Narayan Ashram Yatra, Kumaon

  • By Snehal Shah
  • October 10, 2023
  • 1120 views
The main temple with Swami Tadrupanandji’s kutir on the hill. The Annapurna range can be seen on the right.
  • My experience of yatra to Narayan Ashram, Kumaon. Pranams to Pujya Narayan Swami. Lovely pictures too.

I had planned this yatra earlier this year. I had no intent of putting my yatra experiences together but when people got to know that Prime Minister Modi is going to spend a night at the ashram, my brother’s friend requested me to put together a small write up.

 

Pujya Narayan Swami established the Ashram in 1935, at a location that would provide pilgrims to Kailash Mansoravar rest on the first night of their trek. Work for the ashram started in 1936 and was completed by 1945.  The ashram is about one and half hour drive from Dharchula.

 

Swamiji, a qualified engineer, was born in Mysore. He spent lot of time in Gujarat.

 

The nearest airport is Pantnagar. It is a one hour flight from Delhi and about a 14 hours drive from there. Both ways, we broke the journey at Lohaghat. We did not know but very close to Lohaghat is Mayavati Ashram where Swami Vivekananda spent a few days in 1901. One can also go via by Chakori but it is a bit longer. Chakori is a small hill-station i.e. famous for its sunrise and sunset.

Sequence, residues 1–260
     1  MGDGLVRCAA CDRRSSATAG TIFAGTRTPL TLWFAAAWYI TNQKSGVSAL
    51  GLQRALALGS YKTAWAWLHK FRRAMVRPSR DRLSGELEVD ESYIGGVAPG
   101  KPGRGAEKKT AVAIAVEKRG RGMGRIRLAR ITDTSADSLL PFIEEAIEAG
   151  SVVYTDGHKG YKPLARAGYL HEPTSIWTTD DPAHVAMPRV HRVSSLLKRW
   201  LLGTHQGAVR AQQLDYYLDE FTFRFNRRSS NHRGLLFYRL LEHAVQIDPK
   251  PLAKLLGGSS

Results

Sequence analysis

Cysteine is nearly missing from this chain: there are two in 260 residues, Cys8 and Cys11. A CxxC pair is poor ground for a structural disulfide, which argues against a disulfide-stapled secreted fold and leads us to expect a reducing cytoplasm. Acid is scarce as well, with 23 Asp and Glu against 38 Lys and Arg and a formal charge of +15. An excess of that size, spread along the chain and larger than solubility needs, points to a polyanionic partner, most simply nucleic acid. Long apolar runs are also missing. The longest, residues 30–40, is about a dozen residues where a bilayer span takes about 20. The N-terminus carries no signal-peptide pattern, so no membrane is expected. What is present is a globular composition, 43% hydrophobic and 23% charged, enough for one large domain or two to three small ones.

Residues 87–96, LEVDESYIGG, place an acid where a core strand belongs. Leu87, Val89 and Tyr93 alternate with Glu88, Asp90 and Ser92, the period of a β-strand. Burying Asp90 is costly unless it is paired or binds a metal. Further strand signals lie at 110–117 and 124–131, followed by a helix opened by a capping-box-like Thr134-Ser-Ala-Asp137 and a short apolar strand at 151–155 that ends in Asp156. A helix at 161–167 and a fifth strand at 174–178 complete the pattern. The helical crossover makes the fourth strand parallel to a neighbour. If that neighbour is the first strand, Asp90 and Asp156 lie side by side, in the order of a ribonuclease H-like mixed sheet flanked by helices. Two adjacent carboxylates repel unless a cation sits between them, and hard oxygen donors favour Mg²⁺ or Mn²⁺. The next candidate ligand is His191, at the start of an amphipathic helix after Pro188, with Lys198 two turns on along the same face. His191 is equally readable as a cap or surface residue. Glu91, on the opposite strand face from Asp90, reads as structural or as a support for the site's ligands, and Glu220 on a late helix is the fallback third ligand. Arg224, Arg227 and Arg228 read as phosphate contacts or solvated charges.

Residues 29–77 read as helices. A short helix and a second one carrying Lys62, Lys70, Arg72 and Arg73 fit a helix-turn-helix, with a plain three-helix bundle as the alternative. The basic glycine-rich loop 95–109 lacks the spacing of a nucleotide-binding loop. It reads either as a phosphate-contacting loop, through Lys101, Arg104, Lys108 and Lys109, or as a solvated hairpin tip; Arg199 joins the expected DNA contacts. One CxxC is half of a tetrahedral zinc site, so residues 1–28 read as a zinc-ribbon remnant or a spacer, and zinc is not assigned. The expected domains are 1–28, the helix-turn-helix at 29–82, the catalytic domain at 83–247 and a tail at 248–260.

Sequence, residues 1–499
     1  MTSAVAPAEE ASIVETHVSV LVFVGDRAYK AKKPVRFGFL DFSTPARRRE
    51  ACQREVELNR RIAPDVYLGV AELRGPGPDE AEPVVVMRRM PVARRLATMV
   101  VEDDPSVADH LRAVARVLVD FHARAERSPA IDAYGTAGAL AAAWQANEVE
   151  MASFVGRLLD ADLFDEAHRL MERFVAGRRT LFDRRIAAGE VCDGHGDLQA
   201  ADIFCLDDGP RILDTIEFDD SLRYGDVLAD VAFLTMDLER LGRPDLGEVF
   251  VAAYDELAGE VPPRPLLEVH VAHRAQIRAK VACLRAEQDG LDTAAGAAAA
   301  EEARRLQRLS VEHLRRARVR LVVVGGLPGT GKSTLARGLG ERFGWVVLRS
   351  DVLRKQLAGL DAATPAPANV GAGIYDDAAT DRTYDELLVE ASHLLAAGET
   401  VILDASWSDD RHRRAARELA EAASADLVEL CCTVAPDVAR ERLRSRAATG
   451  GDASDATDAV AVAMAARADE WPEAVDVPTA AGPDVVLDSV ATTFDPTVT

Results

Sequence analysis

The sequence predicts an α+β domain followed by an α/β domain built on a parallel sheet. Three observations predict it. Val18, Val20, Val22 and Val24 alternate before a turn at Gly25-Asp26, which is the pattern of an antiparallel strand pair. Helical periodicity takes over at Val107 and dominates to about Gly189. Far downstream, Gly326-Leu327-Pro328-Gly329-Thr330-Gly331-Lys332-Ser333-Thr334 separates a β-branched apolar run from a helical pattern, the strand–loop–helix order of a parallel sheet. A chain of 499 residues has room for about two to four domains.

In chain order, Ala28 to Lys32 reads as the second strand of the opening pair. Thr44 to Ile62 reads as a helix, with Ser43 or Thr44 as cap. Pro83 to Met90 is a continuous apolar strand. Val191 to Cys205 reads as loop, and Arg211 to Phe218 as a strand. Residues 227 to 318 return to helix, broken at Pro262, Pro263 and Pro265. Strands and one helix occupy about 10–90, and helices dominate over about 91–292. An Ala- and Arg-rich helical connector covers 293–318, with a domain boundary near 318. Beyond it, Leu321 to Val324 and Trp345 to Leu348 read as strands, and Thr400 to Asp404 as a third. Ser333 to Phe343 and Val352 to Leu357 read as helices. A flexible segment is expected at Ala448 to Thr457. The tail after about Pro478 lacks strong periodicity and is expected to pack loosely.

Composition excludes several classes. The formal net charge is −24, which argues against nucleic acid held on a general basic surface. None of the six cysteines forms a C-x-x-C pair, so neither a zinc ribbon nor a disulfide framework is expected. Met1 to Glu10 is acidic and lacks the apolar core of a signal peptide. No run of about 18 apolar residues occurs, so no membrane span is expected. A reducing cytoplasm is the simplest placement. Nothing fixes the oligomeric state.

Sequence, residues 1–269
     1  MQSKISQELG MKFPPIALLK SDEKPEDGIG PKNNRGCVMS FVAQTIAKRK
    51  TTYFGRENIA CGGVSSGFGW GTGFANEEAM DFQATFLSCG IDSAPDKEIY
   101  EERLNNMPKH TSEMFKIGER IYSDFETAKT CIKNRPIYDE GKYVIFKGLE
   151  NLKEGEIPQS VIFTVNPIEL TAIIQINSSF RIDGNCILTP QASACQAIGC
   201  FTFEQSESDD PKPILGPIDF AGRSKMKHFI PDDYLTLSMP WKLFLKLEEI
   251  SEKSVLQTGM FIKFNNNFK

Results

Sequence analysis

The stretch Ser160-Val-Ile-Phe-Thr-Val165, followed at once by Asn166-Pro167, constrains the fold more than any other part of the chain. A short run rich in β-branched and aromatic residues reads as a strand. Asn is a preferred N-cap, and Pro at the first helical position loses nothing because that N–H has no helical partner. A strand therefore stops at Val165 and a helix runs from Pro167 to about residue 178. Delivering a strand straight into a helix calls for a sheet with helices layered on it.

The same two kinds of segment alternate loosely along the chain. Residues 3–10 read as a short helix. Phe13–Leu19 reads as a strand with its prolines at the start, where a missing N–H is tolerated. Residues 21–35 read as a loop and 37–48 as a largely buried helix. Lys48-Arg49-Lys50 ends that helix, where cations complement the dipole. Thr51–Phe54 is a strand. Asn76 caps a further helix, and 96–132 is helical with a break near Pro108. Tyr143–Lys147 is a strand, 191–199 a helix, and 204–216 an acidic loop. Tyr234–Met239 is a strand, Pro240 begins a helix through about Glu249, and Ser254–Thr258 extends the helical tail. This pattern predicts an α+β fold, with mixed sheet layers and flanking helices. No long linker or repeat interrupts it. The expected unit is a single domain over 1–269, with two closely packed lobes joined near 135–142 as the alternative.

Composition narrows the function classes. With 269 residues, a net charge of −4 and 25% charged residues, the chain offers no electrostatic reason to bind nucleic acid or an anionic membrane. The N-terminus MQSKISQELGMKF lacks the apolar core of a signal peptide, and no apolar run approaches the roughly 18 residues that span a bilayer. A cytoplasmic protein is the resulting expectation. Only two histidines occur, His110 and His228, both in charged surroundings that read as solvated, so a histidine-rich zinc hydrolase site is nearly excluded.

See albums of Mayavati Ashram and hill-station Chakori   Now some pictures with captions.  

 

One of the hundreds of spectacular waterfalls on the way to the ashram. 

 

Sunrise

 

Narayan Guru Swami with Pujya Swami Sivananda. 

 

The shrine with a murti of Surya Narayan.

The murti was donated by the Mafatlal family and cast in Surat.

 

The Annapurnalaya, which houses the kitchen, dining room, manager’s office and living quarters for ashram guests.

 

Shoonyata Kutir is where Narayan Swami would meditate.  

There is a room on the top accessible by a rope with a trapdoor which can be shut to achieve total isolation-peace.

 

At sunset

 

Vegetables for consumption are grown on one of the greenhouses. 

The other greenhouse is used to grow Himalayan herbs, some of which are on the verge of extinction.

 

The ashram has a Gaushala with 18 cows and calves.

The cowherd, Gopal, is seen with Shri Haresh Parikh, Trustee.

 

One of the Panchachauli peaks can be seen from the Ashram. 

The snow was unusually low this year, perhaps signs of the things to come.

 

The ashram’s unique location and isolation stimulates spirituality and generates a profound sense of peace and will do for generations to come.

 

This ashram is a must visit. Good place to reflect and meditate. The rooms are nice and so is the food.

 

All pictures by author.  

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